A Parents Guide to Video Games – Classification


Computer games, whether they are locally made or come from overseas, have to be classified before they can be sold, hired or demonstrated in Australia.  The Classification Board classifies films, computer games, and publications and some internet content.

Consumer Advice (content descriptors)

The Classification Board also adds consumer advice to indicate the type of content in a game.  Consumer advice does not include descriptions of all content.

For example a game classified M Moderate Coarse Language will include language of a moderate impact that requires an M classification; but it may also include violence that could be accommodated at a lower classification such as PG, even if the violence is not mentioned in the consumer advice.

The classifcations currently used for video games in Australia are as follows:

General (G):

The content is very mild.

Parental Guidance (PG):

Parental Guidance
The content is mild.

Mature (M):

Recommended for mature audiences
The content is moderate in impact.

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The classifications below are legally restricted:

Mature (MA 15+):

Not suitable of people under 15. Under 15s must be accompanied by a parent or adult guardian
The content is strong.

Tips for Parents

Check the Classification. Use both the classification symbol and consumer advice on the front of the package to select the most appropriate games for your child and family. Visit the Classification website to search for classification information before you head out to the shops.

Carefully read and look at the package. Game content is described and depicted in detail on the back of virtually every game box.

Talk to other parents and older children. This is a good way to learn about computer and video games.

Monitor your child’s computer game play. Just as with TV, movies, and the Internet, it is always a good idea to be aware of and involved in the media your children consume.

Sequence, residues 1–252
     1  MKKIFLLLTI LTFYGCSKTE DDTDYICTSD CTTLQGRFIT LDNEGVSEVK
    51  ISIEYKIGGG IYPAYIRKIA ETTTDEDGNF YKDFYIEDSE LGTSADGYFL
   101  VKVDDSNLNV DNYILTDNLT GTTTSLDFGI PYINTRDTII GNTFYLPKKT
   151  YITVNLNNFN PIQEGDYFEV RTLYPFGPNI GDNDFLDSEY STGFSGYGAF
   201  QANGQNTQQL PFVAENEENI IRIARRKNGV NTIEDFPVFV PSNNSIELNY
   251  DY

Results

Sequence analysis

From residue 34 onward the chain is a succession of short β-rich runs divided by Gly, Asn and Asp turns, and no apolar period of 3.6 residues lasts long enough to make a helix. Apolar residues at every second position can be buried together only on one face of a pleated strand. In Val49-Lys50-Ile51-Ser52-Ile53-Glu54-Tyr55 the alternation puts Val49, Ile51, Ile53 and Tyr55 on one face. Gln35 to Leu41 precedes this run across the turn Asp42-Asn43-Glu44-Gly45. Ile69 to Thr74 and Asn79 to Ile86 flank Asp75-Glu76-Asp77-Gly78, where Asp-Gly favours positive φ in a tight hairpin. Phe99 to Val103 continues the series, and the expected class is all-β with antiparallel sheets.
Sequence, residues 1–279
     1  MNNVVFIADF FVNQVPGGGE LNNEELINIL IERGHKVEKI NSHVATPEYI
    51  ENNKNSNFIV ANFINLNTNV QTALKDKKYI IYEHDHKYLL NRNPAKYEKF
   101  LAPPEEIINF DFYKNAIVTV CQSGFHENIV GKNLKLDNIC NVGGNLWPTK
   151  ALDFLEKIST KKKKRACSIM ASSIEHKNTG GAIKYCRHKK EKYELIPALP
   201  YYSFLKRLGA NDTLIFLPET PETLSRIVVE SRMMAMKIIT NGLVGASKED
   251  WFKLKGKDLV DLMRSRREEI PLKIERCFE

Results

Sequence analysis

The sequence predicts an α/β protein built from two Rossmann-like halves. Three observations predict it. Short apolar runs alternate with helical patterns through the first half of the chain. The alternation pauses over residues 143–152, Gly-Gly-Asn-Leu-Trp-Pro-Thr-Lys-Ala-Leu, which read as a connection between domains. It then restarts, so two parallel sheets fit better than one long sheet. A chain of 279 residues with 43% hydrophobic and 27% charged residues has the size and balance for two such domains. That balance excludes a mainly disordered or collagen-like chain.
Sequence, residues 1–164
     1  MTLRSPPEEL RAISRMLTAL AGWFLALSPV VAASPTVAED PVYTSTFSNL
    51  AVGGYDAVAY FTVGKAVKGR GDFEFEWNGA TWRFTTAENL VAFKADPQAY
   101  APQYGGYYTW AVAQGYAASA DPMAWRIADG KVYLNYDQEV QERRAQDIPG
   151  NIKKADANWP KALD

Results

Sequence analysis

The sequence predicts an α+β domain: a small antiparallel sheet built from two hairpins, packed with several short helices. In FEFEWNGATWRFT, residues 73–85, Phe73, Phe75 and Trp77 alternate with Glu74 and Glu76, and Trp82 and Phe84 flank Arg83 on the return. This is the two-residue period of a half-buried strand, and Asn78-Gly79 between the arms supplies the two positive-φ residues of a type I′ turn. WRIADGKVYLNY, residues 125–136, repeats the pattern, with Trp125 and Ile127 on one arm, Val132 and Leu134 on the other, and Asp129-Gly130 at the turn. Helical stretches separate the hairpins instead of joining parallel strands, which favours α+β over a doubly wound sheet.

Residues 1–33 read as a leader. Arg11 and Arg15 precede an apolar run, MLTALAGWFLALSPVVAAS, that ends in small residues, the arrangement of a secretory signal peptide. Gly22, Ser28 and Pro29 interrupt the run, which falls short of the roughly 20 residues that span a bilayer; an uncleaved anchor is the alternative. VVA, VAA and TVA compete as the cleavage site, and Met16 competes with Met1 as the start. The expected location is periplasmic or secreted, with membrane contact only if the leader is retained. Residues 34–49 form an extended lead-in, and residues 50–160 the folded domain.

Learn about and use parental controls. All of the newest video game consoles and handheld hardware devices, as well as the new operating system from Windows (Vista), offer parents the ability to limit what type of content their children can access by activating built-in parental control features. By activating parent controls you can ensure that your kids only play games that carry ratings you deem appropriate for them.

Consider your child’s unique personality and abilities. Nobody knows your child better than you do.  Use your knowledge about your child when selecting computer and video games.

Play computer and video games with your children. Play games and talk about them with your kids as often as possible. This is a good way to have fun together as well as getting to know which games your child finds to be interesting and exciting.

Read more than the ratings. Game reviews, trailers and “demos” that allow you to sample games are broadly available online and in game enthusiast magazines.  They can provide additional detail about game content that is useful when determining which games are appropriate for your family.

Exercise caution with online-enabled games. Some games let users play with other people on the Internet, but it’s important to realize that some of these games contain live chat features or other user-generated content, including character models (“skins”), settings (“maps”), weapons and other content that are not part of the Classification Board decision.

Be aware of downloadable “mods” that can significantly change the content of a game. Most PC games can be altered through the use of downloadable programs called “mods” which are broadly available on the Internet and can change the content of the game. Since players create them, mods are not considered in classifications. It is important for parents to be aware that some mods can alter a game in ways that may not be appropriate for younger players and may be inconsistent with the Classification.

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